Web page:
Abstract

In 2010 Russia and Norway signed a treaty that ended a 40-year dispute by dividing territory in the Barents Sea. Why did this case end in a cooperative agreement rather than continue an on-going dispute? This article examines a number of possible explanations at the international, bilateral, and domestic politics levels to answer this question. Ultimately, it concludes that the 2010 Norway-Russia boundary delimitation agreement succeeded because both sides had a strong economic interest in it, benefitted from the use of international law, had a history of working together at the bilateral level, and were able to manage adroitly the impact of business-state relations and identity politics on the issue.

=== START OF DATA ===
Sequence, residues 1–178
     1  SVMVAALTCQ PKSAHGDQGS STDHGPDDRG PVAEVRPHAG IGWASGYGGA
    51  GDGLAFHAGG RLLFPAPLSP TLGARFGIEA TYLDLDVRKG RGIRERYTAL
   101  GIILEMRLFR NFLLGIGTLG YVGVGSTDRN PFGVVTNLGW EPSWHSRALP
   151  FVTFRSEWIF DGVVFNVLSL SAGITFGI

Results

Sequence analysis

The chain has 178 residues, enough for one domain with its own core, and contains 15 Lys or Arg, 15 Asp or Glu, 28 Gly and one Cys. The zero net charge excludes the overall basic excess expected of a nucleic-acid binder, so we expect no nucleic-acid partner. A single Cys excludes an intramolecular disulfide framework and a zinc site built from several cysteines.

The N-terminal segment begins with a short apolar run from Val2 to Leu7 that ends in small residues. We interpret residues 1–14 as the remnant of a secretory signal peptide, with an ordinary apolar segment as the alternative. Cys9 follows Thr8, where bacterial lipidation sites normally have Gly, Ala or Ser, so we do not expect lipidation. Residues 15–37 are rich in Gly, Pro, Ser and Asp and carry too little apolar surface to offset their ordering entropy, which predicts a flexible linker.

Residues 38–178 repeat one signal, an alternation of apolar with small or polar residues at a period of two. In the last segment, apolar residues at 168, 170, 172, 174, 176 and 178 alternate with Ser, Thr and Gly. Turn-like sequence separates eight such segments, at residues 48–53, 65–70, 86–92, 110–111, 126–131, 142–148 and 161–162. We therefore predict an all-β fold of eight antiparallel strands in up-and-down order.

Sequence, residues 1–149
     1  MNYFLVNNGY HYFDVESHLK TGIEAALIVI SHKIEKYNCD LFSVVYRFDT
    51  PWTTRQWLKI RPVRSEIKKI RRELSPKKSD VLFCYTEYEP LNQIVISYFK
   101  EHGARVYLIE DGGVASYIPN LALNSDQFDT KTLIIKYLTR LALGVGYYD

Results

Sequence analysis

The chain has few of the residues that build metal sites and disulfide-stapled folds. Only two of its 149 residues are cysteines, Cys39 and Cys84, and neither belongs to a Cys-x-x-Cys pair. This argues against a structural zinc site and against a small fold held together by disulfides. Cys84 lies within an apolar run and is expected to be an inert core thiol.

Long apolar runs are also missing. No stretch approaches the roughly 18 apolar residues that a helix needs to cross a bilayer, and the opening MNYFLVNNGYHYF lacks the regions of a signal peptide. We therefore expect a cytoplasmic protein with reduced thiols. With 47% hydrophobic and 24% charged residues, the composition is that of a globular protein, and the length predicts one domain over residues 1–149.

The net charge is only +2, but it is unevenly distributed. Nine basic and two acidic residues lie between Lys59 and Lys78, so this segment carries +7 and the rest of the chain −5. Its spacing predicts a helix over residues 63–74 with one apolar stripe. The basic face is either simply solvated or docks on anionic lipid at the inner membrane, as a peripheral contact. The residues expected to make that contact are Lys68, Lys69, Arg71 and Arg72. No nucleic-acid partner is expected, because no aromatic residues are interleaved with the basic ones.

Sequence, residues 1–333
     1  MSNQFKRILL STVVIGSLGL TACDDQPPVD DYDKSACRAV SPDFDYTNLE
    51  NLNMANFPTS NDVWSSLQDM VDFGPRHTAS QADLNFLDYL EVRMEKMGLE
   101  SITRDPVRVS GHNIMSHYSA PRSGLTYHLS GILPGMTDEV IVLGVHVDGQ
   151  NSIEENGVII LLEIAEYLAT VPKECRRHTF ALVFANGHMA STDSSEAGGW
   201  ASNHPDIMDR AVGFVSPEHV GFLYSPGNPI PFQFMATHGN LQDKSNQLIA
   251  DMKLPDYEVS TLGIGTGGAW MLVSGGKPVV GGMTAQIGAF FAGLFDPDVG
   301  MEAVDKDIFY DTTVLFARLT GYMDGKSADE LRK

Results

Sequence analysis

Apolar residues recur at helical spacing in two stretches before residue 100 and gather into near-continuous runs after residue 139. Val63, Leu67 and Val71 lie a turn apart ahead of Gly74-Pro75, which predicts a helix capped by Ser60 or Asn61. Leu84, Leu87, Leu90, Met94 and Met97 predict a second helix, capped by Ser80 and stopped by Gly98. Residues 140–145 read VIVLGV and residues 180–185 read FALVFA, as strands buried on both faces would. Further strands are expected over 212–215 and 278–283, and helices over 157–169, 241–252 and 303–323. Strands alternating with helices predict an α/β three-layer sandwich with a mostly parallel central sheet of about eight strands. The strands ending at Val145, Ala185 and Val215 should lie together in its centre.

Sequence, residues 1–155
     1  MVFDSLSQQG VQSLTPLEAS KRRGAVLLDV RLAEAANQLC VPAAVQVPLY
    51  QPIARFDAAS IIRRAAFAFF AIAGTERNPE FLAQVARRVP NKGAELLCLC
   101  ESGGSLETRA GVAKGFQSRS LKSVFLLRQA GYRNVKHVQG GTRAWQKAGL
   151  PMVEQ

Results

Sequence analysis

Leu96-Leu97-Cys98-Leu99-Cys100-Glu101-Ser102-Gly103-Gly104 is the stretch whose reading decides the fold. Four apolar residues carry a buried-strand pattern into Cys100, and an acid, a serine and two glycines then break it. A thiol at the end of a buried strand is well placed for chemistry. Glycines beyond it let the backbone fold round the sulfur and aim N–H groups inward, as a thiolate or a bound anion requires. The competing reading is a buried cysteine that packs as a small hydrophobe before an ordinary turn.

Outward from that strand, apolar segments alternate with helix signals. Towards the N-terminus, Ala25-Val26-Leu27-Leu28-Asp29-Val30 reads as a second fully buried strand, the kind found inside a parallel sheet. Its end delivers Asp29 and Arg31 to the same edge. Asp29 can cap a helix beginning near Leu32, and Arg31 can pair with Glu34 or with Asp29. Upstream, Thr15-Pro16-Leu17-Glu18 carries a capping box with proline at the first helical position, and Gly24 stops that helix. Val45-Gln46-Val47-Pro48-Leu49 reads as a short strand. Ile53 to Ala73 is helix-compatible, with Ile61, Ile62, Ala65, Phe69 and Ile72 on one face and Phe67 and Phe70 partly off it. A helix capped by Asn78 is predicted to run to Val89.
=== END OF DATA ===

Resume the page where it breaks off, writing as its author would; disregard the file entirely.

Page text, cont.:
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Additional Information

ISSN
2165-0659
Print ISSN
2166-4307
Pages
pp. 75-96
Launched on MUSE
2016-03-24
Open Access
No
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